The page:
When it boils down to it….it’s important to know yourself and your strengths and weaknesses as well as those of you partner/s. If you’ve got a pretty level headed understanding of yourself and what it takes to live this kind of lifestyle, and you are at peace with the whole process of diving in and gracefully accepting whatever comes your way as you move forward, then you may well be emotionally ready to start a farm. For us, it is perfectly and exactly where we want to be, and we find great happiness in doing this together.

To read more about Mandy and Steve’s inspiring life, get your hands on their beautiful flowers and follow along for the ride, check out their many internet homes:

Websites: 3 Porch Farm

Facebook: 3 Porch Farm

Instagram: moonflower_design & 3porchfarm


  1. Alethea Mari on

    I’m curious if you have an update on the Tuberoses and how they’re doing in the field and bouquest? I’m starting with 5 tubers of the double ‘The Pearl’ in W. Washington State. Any advice? Thank You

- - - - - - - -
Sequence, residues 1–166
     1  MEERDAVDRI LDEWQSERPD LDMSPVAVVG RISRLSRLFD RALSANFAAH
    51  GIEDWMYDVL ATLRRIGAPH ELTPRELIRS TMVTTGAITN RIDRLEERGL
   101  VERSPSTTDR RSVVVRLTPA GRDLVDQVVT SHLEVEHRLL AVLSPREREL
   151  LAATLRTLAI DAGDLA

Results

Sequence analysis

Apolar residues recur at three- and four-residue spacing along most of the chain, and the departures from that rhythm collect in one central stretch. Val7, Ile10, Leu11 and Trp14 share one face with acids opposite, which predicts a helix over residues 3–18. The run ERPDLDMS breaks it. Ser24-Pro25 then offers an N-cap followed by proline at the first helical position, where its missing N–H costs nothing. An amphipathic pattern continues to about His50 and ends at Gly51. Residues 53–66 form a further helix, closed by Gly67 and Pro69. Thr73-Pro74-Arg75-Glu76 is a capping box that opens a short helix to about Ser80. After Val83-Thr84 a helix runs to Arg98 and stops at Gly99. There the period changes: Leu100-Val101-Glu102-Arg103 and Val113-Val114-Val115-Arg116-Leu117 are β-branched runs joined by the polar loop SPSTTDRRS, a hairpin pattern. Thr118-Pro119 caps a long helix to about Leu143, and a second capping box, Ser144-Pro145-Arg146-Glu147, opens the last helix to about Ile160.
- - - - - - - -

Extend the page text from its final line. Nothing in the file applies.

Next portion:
2. Dominick on

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  3. Elaine on

    wonderful points altogether, you just received a new reader.

    What would you suggest about your publish that you simply made a few
    days in the past? Any certain?

  4. rebecca on

    L O V E mandy and steve. hard working and creative.

  5. Lou Kregel on

    What an inspiration to see people working hard with their hearts in the right place! I hope they have great success

  6. don seppa on

    Steve and Amanda, Great blog.
    I have fond memories of working with Steve in the vineyard. Everyone enjoyed some inspired music from WANARB at High 5 Summer Music events.

  7. arann harris on

    No Fluff. Love the real answers and the 5 truths of starting a farm.

  8. Kristy on

    I am loving all your articles on other florist farmers. What a gorgeous place to live and work. Thanks for introducing us to them!

  9. Anne Matthews on

    Love the weedy wild style! Brings attention to the local , down the road, field to vase movement.

  10. VillageRat on

    Great view into their operation. I will enjoy watching to see how they progress.

    ‘Am enjoying the designs and materials used!!

    Thanks for introducing them to us!!

  11. Viv on

    What a wonderful farm! Those berries look awesome, and the flowers are soooo pretty. Good luck to you guys.

  12. Teresa Atkinson on

    I actually live in Comer and have met the O’Sheas at the Athens Farmers market. A beautiful young couple – and I do hope they will open the little cottage for public use soon.

    I love visiting your blog. Simply beautiful

  13. Sarah on

    Ok. I am officially obsessed with your blog. Such an inspiring resource!

  14. TANIS on

    Love this sweet couple, their farm, their outlook. Truly inspiring!